Researchers at Columbia University recently published a study that points to a connection between a baby’s birth month and its risk for certain diseases later in life. May babies, according to the study, have the least overall risk for disease, while October and November births show the greatest risk. The study uncovered seasonal trends, as well, with early spring babies showing a greater incidence of heart-related diseases and babies born in early fall suffering a greater risk for respiratory illness. Early winter babies showed a greater correlation to reproductive and neurological disorders.
The clinical data set for the study was impressive – 1.7 million people born anywhere from 1900 to 2008 who had been treated at Columbia University Medical Center in New York City between 1985 and 2013 – but data scientist and lead author Nicholas Tatonetti, PhD, cautions us in the video accompanying the study’s release, not to attach too much importance to the findings yet because numerous other variables involved in disease such as lifestyle, exercise and eating habits were not factored in and study participants were all patients at one hospital in a particular part of the country. Additionally, Tatonetti explains that birth month and season are really just proxy or stand-in representations of environmental factors.
For example, a 1983 study found that children born in months with higher numbers of dust mites in the home were 40 percent more at risk for developing allergies – a finding that was later bolstered in a study connecting early childhood exposure to allergens with a higher risk of developing allergies in the future. While there is a connection here between month or time of year and the condition, it is because there is a greater presence and exposure to a particular environmental factor (dust mites in this case) during the month or season and that factor may be greater or lesser depending on geography and other environmental fluctuations and factors. In short, a study like this is limited to uncovering association only, not cause and effect.
What is interesting to researchers, however, is where it may lead. For example, while they were not initially searching for particular associations, results showed 55 of the nearly 1,700 diseases studied correlated significantly to a particular month. Of the 55, 19 had shown up in previous studies, possibly reinforcing their validity.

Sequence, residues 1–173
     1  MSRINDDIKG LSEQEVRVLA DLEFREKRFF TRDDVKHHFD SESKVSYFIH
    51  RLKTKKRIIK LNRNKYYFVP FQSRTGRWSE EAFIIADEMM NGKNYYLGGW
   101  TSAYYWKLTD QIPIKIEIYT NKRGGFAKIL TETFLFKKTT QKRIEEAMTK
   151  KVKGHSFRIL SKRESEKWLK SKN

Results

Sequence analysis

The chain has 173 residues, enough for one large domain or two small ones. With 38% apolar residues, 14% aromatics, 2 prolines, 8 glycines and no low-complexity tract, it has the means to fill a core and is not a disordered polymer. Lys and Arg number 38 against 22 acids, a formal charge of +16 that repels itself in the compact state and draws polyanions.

For example, the study found that babies born in spring have a higher risk for heart disease. This may help explain previous research associating lower levels of vitamin D with heart disease by pointing to a baby’s decreased exposure to the sun while in utero during winter months when vitamin D levels tend to dip.
Other previously studied heart and heart-related diseases linked to vitamin D deficiency include hypertension, atherosclerotic heart disease, heart attack and stroke.
Additionally, the study’s conclusion that children born in the fall and early winter are more likely to be diagnosed with ADHD correlates with previous findings linking the disorder to lower levels of vitamin D.
Possibly more exciting than bolstering previous research, is that the study turned up 16 entirely new disease-birth month associations and what’s more, nine of them were heart-related. This is particularly significant because more than 600,000 Americans die each year from cardiovascular disease – it’s the number one cause of death in America – and the study could provide a valuable path to understanding causes as well as developing prevention strategies.
To that end, recent changes within the health care industry brought about by the Affordable Care Act (ACA) have led to an unprecedented amount of data being collected on a daily basis and available for scientific research analysis. The Columbia study, as well as all others related to health, have the potential to benefit exponentially when expanded into a national database of information. So while this study is large relative to current standards, within five years the staggering amount of health and medical data available will broaden its parameters so dramatically that it will seem rather small in retrospect.
So while the study reflects only associations between disease and the months and seasons of birth, it could well lead to research that provides a clearer, better understanding of cause and effect.
“What we’re interested now is in actually expanding this analysis and really trying to understand those other environmental variables,” Tatonetti said. “We have some hypotheses that we’re exploring, but we want to go in a data-driven way… to find the environmental mechanisms that might be driving these associations.”